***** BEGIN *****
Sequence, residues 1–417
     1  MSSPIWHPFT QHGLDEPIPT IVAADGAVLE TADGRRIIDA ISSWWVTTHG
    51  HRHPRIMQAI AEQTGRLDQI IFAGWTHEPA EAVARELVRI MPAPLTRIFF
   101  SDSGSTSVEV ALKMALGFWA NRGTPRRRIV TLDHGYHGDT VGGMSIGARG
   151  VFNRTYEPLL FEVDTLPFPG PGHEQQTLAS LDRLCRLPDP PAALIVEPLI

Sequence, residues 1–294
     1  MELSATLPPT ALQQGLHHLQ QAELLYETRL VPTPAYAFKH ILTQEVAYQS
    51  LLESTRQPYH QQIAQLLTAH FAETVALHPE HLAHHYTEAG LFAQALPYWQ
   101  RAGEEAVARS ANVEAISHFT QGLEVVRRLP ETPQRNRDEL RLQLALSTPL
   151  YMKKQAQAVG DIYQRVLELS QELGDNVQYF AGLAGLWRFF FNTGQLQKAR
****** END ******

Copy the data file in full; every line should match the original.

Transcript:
Sequence, residues 1–417
     1  MSSPIWHPFT QHGLDEPIPT IVAADGAVLE TADGRRIIDA ISSWWVTTHG
    51  HRHPRIMQAI AEQTGRLDQI IFAGWTHEPA EAVARELVRI MPAPLTRIFF
   101  SDSGSTSVEV ALKMALGFWA NRGTPRRRIV TLDHGYHGDT VGGMSIGARG
   151  VFNRTYEPLL FEVDTLPFPG PGHEQQTLAS LDRLCRLPDP PAALIVEPLI

Sequence, residues 1–294
     1  MELSATLPPT ALQQGLHHLQ QAELLYETRL VPTPAYAFKH ILTQEVAYQS
    51  LLESTRQPYH QQIAQLLTAH FAETVALHPE HLAHHYTEAG LFAQALPYWQ
   101  RAGEEAVARS ANVEAISHFT QGLEVVRRLP ETPQRNRDEL RLQLALSTPL
   151  YMKKQAQAVG DIYQRVLELS QELGDNVQYF AGLAGLWRFF FNTGQLQKAR